- ETF shows biggest withdrawals among emerging markets in 2015
- The fund has posted $840 million in outflows this year
Wagers that the Federal Reserve will raise interest rates for the first time in almost a decade are souring sentiment toward Mexican stocks.
Traders have pulled $840 million from the nation’s largest exchange-traded equities fund this year, the biggest outflow among developing nations, according to data compiled by Bloomberg. With one of the world’s most-traded currencies, deep corporate ties to the U.S. and policy makers who have pegged the timing of their rate decisions to the Fed’s calendar, Mexico is a popular way for foreign investors to bet on all things emerging markets, said Paul Christopher, the St. Louis-based head global market strategist for Wells Fargo Investment Institute.
“There are a lot of institutional investors who hold Mexico as a proxy,” Christopher, whose firm oversees $1.7 trillion, said in an e-mail. This has led “to Mexico being the whipping boy.”
Stocks and currencies of developing nations have slumped this year on speculation that an increase in U.S. borrowing costs would reduce the appeal of riskier assets. Traders now see a 78 percent probability the Fed will boost its benchmark from near zero at its meeting on Dec. 15-16. Economists surveyed by Bloomberg forecast Mexico will probably follow suit, raising rates for the first time since 2008, to keep foreigners from withdrawing capital after the peso tumbled to a record low in September.
Mexico’s economy and the financial system have sufficient stability to cushion them from adjustments in global markets once the Fed raises rates, a panel including Finance Minister Luis Videgaray and central-bank Governor Agustin Carstens said in a statement Dec. 11. Still, such a decision from U.S. policy makers could have consequences for the Latin American country’s external accounts and public finances, the group said.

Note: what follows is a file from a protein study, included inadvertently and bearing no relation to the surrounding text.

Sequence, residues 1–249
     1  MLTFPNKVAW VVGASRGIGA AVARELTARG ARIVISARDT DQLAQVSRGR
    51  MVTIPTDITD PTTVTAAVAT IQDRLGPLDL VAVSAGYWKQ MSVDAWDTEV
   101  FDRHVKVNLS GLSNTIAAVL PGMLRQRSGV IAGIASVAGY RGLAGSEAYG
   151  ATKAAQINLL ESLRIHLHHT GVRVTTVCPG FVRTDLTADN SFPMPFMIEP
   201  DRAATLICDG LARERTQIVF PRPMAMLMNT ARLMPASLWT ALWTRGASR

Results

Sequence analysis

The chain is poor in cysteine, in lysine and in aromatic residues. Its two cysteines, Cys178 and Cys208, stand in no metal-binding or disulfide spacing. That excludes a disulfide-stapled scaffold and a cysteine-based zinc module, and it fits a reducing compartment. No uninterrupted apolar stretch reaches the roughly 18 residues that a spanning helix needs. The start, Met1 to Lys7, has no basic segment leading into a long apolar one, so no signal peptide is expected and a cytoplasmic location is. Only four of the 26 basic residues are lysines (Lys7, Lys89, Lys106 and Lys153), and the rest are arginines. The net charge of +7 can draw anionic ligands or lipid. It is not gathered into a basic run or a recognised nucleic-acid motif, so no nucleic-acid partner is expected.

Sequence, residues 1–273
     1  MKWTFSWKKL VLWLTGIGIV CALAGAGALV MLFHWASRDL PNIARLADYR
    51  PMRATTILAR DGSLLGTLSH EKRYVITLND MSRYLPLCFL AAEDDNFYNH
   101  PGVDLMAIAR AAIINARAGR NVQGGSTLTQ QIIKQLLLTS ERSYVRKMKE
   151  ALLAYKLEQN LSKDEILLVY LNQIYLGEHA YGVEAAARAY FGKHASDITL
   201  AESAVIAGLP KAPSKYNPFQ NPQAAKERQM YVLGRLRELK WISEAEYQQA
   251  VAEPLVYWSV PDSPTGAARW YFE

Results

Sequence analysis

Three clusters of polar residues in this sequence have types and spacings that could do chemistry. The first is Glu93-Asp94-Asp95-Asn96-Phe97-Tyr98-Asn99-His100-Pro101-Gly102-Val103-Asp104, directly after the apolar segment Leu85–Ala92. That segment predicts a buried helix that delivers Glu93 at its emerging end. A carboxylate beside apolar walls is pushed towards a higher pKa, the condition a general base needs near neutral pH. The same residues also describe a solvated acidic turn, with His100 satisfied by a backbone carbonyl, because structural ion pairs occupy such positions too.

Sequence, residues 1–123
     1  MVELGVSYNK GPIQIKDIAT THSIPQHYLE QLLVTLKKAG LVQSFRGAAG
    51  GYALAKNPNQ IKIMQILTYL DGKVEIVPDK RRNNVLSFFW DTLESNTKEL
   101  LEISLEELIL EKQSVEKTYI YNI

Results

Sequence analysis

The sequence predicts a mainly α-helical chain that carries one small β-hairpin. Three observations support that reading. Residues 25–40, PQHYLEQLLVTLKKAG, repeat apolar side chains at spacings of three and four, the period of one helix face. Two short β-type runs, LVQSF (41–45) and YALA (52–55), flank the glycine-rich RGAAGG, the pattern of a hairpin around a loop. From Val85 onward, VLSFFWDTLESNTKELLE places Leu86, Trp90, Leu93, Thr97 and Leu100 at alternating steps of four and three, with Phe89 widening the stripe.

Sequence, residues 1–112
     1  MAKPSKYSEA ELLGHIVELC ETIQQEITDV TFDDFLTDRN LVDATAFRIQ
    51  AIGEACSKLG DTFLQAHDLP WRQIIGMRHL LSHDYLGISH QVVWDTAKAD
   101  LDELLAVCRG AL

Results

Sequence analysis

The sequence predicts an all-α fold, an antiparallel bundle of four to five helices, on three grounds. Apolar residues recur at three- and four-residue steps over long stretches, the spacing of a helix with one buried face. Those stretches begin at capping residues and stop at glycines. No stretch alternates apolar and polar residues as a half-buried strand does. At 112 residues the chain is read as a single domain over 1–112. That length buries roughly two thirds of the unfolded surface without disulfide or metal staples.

The BlackRock Inc. iShares MSCI Mexico Capped ETF has lost 49 percent of its total assets this year, compared with a 35 percent decline for the firm’s developing-nation fund. Foreign investors in the Mexican stock market are feeling the pinch as the peso’s 15 percent drop deepens losses in dollar terms. While the IPC equity benchmark has dropped less than 3 percent in 2015, when measured in the U.S. currency it’s down 17 percent.
“The devaluation of its currency has been one of the reasons for why we’ve seen such a big move” out of the Mexican ETF, said Mohit Bajaj, the New York-based director of ETF trading solutions at WallachBeth Capital.
The peso rose 1 percent to 17.1361 per dollar at 2:58 p.m. in New York.
Investors consider Mexico “one of the more liquid and freely-tradeable cohorts within the emerging-market basket for currencies, rates and equities -- therefore its performance and flows, especially in the equity space is often a function of a beta to the broader emerging market complex,” Heidi Richardson, global investment strategist at BlackRock, said in an e-mailed response to a question about the ETF outflows. The firm’s macro view on Mexico “is positive, especially in comparison to other emerging-market stories.”
While Mexico’s Bolsa has been among the most successful emerging-market exchanges in attracting new issuers this year, the macroeconomic factors are taking precedence and overshadowing any short-term good news, according to Bajaj.
That has “a heavier weight on the market than the few companies issuing,” he said.